posted by planetkyoto at 5:49 PM on May 18, 2004

Pff I didn't have a child chariot. I mean come on, you're on metafilter, let's try to be more hip and less Starbucks.

No be cool, and your kids will thank you for it. These seat things will eliminate the "car killing child" thing to a certain degree. Most likely you'll both go if one goes with one of these.

Of course the one I remember being in didn't have cushions and was just a plastic shell.
posted by geoff. at 5:53 PM on May 18, 2004

Safety is paramount, but do not let that keep you from the joy of putting your kid on the bike. They loved it and it is a good way to spend some time with them.

I like a bike seat on the back of the bike. If you go this route, take your toddler to the bike shop with you and get the bike and the seat together, along with helmets for you and the toddler. Make sure the seat does not allow his/her feet to come out and get anywhere near the spokes, not an issue with most, but check to make sure. A mountain or hybrid bike is best with a seat or trailer. Road bikes are just for one rider. Some bikes have a short wheel base which helps make quick turns (not a plus with the toddler on board) but leaves less room for your toddler on the rear.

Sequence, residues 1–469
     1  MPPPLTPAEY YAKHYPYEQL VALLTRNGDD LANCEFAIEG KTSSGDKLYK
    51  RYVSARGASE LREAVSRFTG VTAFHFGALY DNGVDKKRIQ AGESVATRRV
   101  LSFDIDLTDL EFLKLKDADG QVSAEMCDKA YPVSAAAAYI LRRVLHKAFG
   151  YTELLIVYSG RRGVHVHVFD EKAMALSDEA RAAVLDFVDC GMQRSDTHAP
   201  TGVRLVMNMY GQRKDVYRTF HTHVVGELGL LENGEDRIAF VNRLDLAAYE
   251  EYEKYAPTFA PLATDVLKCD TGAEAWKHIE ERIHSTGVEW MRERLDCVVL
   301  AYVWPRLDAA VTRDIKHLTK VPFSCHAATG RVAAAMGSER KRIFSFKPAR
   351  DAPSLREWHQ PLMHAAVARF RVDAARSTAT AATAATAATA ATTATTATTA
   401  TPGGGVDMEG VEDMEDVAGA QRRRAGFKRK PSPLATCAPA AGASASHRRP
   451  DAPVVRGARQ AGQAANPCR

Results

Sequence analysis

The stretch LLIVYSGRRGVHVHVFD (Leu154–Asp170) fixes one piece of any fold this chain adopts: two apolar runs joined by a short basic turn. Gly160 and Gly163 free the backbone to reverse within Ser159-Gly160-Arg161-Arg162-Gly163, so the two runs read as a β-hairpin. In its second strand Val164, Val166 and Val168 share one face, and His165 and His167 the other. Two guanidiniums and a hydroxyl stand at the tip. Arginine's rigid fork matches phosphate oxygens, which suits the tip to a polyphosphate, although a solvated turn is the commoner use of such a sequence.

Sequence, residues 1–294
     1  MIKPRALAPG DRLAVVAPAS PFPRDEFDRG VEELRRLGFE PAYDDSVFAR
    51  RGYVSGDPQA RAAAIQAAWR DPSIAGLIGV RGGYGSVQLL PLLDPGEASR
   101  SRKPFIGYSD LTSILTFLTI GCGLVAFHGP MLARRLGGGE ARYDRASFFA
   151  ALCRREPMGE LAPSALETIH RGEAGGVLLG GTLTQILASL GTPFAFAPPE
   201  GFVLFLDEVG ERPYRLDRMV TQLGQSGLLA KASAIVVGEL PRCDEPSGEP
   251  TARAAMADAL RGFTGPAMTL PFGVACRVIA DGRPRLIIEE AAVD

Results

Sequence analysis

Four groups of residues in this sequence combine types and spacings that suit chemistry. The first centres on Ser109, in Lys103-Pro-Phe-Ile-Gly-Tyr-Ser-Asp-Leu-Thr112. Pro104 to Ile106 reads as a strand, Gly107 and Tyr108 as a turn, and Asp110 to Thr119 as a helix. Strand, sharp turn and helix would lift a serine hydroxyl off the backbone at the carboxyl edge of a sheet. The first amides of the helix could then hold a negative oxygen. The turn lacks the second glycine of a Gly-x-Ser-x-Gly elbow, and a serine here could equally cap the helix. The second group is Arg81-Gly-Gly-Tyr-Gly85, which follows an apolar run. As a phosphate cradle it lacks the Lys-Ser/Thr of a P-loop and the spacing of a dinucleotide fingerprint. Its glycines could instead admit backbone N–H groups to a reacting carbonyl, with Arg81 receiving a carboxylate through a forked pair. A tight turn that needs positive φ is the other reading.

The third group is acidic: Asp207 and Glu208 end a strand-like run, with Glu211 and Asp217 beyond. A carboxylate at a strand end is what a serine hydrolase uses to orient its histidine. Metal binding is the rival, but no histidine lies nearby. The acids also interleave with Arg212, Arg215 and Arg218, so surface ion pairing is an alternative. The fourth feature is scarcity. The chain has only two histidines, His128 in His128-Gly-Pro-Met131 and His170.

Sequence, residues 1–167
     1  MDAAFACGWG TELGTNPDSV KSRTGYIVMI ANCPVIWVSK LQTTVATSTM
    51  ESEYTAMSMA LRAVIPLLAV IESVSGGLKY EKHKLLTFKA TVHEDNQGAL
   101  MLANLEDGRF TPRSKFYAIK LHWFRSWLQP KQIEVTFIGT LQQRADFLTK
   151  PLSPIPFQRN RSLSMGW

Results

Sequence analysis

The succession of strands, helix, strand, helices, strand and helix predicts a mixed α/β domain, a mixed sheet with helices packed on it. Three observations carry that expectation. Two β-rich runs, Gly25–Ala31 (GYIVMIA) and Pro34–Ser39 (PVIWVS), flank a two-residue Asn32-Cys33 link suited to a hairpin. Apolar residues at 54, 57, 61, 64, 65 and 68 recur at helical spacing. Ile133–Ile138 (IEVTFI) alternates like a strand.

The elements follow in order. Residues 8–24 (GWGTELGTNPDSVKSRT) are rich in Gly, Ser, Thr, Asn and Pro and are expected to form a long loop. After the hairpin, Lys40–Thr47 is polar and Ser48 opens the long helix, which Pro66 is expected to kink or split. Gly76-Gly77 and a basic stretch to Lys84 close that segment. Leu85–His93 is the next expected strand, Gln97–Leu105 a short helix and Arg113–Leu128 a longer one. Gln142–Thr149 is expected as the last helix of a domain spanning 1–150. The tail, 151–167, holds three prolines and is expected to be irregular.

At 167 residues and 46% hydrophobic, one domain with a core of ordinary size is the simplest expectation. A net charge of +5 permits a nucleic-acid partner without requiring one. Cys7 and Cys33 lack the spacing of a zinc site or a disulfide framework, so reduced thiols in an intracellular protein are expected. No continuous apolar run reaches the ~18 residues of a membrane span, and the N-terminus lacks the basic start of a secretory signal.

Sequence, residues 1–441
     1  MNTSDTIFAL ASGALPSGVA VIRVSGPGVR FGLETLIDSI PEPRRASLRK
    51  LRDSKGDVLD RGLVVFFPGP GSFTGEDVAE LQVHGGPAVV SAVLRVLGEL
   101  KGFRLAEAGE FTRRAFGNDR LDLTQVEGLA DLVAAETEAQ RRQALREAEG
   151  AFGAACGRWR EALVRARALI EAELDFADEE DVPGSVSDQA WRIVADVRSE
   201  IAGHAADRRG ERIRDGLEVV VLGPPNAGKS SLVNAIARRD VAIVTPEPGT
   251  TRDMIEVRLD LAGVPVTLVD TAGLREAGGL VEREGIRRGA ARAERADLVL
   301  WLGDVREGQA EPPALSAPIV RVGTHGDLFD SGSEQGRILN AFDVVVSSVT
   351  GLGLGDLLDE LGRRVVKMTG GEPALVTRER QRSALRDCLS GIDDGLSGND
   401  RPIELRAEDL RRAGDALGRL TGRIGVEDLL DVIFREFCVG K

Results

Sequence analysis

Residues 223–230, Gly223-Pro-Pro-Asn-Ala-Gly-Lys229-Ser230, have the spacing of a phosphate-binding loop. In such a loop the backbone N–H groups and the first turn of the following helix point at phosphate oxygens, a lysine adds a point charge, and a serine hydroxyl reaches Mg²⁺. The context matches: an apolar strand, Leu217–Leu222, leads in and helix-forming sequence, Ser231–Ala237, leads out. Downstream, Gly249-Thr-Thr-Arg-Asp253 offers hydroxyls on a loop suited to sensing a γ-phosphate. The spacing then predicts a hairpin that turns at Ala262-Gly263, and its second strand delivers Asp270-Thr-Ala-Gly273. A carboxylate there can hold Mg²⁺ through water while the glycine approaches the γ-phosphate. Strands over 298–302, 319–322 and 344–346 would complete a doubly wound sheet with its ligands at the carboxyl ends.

Trailers are great too, but more expensive. You can make up your own mind as to safety between trailers and seats. The main fears - trailers make bigger targets for cars approaching from the rear, and rears seats put your child in danger if you tip over. If you are a careful rider and stick to safe roads neither should be an issue.

I certainly would avoid busy streets and would stick to the roads or at least very smooth trails with either. You do not want to fall or unduly bounce your toddler around.

Just ignore 111, it just hangs around to annoy.
posted by caddis at 5:59 PM on May 18, 2004

trailers make bigger targets for cars approaching from the rear

When bicycling, impacts from behind are the rarest form of injury causing incidents, by far.
posted by normy at 6:03 PM on May 18, 2004

normy is right. They are the biggest fear, but least common. I think the most common is having a car pull out or turn in front of a cyclist.